Nullification: Twenty-five States With Firearms Freedom Acts
Tired of a Congress that continually ignores the Constitution and its principles of limited government, coupled with non-responsive representation in that body, activists are taking their freedom fight to their state legislatures. They have found sympathetic ears and pro-active representation at a level a bit closer to home with the principle of nullification.
Exactly half of the state legislatures of these United States of America are engaged in nullifying, or have passed, nullification laws that restrict the authority of the federal government in the area of gun control. Entitled Firearms Freedom Acts and closely modeled on the Montana Firearms Freedom Act, these legislatures are trying to stop the overreach of the federal government by simply ignoring the government’s false claim to regulation under the Commerce Clause in Article I, Section 8 of the Constitution and declaring the state’s authority over firearms, accessories and ammunition under the Tenth Amendment of the Constitution. It is a sign of the times and a return to state sovereignty in opposition to the continued expansion of government.
Six states have achieved their legislative firearms freedom goals: Montana, Tennessee, Wyoming, Utah, South Dakota and Oklahoma have all passed the legislation.
So far Wyoming’s FFA and New Hampshire’s FFA are the only ones with a little bite to them, as those bills contain fines and jail time for state or federal officials who attempt to enforce federal gun control laws in their states. Virginia was poised to be another state that would have its FFA passed and signed into law. Its House had already passed its FFA; however, after some dirty tricks and rule-breaking in the Virginia State Senate, it will take the courage of at least one state senator to use a rare floor procedure to get Virginia’s HB 69 back on the floor for a recorded vote. Otherwise, Virginia will be back to square one. Residents of Virginia can click here to contact your state senators in support of HB 69.
That leaves 19 states that have introduced similar legislation. Some of the newly introduced legislation is clearly stalled in state house or senate committees, often the Judiciary committee. There needs to be a caution inserted at this point: everyone understands this is an election year in a particularly turbulent and contentious political climate, so there may be those state legislators who will be pandering to the conservative or tea party movement, or simply grandstanding, by helping to introduce or sponsor FFAs because public opinion is very much in favor of less gun control.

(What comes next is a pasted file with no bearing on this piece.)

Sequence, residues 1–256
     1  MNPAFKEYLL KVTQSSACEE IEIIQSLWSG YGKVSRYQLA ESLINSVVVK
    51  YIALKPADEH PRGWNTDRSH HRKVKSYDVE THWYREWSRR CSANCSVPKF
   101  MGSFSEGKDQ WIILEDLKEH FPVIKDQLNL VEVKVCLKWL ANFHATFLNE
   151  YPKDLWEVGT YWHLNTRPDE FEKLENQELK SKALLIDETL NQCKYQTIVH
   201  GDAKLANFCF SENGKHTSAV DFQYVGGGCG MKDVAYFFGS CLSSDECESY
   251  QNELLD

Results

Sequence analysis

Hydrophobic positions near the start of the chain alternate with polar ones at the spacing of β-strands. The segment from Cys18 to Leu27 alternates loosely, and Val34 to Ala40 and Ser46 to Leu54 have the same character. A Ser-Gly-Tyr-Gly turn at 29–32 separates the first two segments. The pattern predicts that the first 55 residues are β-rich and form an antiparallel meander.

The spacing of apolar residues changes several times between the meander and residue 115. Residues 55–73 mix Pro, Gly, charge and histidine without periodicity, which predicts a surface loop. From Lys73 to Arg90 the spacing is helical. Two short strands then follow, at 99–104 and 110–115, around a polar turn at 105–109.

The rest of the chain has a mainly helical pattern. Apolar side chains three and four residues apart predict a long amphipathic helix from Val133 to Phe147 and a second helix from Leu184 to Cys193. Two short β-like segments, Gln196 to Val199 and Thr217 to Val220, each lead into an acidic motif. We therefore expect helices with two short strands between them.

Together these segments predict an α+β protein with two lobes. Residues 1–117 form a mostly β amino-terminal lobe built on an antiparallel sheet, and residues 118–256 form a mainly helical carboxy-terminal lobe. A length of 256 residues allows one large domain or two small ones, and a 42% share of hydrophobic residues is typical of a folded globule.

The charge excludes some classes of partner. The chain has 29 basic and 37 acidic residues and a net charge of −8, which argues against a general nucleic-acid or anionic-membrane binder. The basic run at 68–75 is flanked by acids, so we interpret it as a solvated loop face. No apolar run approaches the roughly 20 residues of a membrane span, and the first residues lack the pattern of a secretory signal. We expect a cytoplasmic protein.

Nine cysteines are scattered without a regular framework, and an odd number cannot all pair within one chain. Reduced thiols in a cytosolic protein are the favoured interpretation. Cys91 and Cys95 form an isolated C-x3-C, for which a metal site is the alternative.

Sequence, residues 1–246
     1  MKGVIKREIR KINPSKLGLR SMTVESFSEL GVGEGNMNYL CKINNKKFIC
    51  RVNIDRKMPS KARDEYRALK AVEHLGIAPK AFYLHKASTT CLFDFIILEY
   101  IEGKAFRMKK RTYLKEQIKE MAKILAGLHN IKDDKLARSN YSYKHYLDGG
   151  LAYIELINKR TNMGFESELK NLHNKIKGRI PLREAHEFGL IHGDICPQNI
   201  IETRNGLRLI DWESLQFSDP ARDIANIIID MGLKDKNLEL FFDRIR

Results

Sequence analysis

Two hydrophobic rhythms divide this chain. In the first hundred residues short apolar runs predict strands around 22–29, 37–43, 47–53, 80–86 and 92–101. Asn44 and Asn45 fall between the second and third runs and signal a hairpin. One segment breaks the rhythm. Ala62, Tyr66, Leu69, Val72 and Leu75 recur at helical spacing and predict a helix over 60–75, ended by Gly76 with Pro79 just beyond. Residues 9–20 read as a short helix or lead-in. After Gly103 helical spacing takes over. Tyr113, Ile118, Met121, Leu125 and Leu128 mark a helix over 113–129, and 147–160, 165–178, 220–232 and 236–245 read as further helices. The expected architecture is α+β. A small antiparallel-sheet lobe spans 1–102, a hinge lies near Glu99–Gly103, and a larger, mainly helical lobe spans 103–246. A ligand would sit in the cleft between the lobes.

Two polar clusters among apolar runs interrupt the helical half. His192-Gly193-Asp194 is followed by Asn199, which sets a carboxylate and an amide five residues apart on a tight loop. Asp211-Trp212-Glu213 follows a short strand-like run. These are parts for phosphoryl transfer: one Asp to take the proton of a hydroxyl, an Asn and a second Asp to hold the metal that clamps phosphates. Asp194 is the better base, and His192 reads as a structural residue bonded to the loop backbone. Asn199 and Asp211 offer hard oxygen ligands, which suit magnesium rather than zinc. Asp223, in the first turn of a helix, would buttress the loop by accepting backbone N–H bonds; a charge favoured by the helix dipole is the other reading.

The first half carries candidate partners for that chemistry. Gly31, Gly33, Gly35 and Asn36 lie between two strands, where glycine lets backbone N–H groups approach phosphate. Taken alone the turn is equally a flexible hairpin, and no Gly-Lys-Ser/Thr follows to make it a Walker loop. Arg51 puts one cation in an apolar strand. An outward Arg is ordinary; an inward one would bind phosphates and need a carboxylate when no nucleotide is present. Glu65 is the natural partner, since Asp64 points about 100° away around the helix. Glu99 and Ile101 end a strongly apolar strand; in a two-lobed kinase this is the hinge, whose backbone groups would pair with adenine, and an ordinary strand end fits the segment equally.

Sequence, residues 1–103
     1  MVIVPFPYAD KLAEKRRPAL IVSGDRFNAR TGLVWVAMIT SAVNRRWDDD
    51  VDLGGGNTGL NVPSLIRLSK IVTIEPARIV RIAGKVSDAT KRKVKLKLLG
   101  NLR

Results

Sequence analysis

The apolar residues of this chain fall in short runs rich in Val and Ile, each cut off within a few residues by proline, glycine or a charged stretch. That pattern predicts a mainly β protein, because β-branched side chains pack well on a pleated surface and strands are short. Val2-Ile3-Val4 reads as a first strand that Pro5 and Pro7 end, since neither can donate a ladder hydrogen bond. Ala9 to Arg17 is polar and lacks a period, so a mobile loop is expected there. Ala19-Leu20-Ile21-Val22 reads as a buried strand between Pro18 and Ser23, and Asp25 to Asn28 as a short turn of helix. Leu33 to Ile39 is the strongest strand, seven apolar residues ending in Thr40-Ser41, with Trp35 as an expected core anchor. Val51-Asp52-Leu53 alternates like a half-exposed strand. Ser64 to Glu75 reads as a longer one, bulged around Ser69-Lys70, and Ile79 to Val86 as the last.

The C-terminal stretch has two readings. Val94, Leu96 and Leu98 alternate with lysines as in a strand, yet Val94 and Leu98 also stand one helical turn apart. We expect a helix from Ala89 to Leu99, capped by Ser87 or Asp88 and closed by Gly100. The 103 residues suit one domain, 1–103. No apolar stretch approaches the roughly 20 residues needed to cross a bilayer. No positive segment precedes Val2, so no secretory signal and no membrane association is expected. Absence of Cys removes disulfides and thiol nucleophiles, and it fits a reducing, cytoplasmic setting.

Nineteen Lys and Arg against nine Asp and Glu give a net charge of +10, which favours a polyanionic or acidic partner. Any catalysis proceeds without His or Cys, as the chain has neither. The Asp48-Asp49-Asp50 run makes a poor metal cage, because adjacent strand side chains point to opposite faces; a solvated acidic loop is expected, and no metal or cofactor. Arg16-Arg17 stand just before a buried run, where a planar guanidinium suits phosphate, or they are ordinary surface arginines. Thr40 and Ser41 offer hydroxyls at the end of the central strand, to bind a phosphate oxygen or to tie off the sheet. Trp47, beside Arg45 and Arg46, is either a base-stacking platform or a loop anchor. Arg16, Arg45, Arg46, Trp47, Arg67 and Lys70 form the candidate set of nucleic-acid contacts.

Some politicians have gone so far as to say any type of nullification legislation at the state level is merely symbolic. Some see it as being defiant or rebellious, useful only for sending a message to those in power to sit up and take notice. And then there are those who call the measures pointless. Rep. Chris Hart, D-Columbia, in the South Carolina state legislature sees it as secessionist in nature. Commenting on his state’s call to restore the proper balance to the federal system Hart said, “We’re talking about seceding from the union. I thought we tried that.”
Of course, asserting state sovereignty is nothing of the sort. But pushing back against the federal government’s tyrannical tactics is now being labeled as secessionist. There is no one who would want a return to a bloody civil war, but liberals and leftists are prone to labeling Tenthers (those who support the movement among state legislatures to affirm the retention by the states of "The powers not delegated to the United States by the Constitution" as stated in the Tenth Amendment) as secessionists in order to bring to mind the horrors of civil war thereby discrediting the so-called “right wing extremists,” “alarmists,” and “nut cases” who would return to a more constitutionally correct practice of government.
For your perusal we present the 19 states who have introduced, but not yet passed, FFA legislation with links to the bills at each state legislative website. If your state is on the list, click on your state's name to contact your state legislators about the measure, urging them to support it, and get it moving toward passage. Remember it’s an election year and those at the state level have both ears to the ground as they never have had before. If your state is not one of the 19, you can still contact your state reps who you may already be on a first-name basis with, and insist that they introduce similar legislation, using any of a number of state bills as a model; it’s quick and easy, and would prove they support constitutional principles at both the state and federal levels.
Here are the 19 in alphabetical order (see next paragraph) but there are unique circumstances for some of them. For instance, some have the same bill number for both house and senate, some different numbered bills. Indiana has three identical bills; Hoosiers will have to sort that one out. Same for New Hampshire with two identical bills. Click on your state's name to contact your state legislators in support of already-introduced FFA legislation.
Alabama HB48; Alaska HB 186; Arizona HB2307 passed in the House, SB1098 not yet moving in the Senate; Colorado SB 10-092; Florida HB 21 out of committee, SB 98 in committee; Idaho HB 589 passed in the House only; Indiana Senate Bill 0200, Senate Bill 0276, Senate Bill 0416; Kansas HB 2620; Kentucky HB 87 (BR348); Michigan House Bill 5232; Minnesota HF 2376 stalled, SF 2140 also stalled; Missouri HB 1230; New Hampshire HB1285; HB 1433; Ohio House Bill 315; Pennsylvania HB 1988 stalled in committee; South Carolina S. 794 stalled in committee; Texas HB 1863, the state legislature is not in session in even-numbered years; Washington HB 2709; and West Virginia SB 555.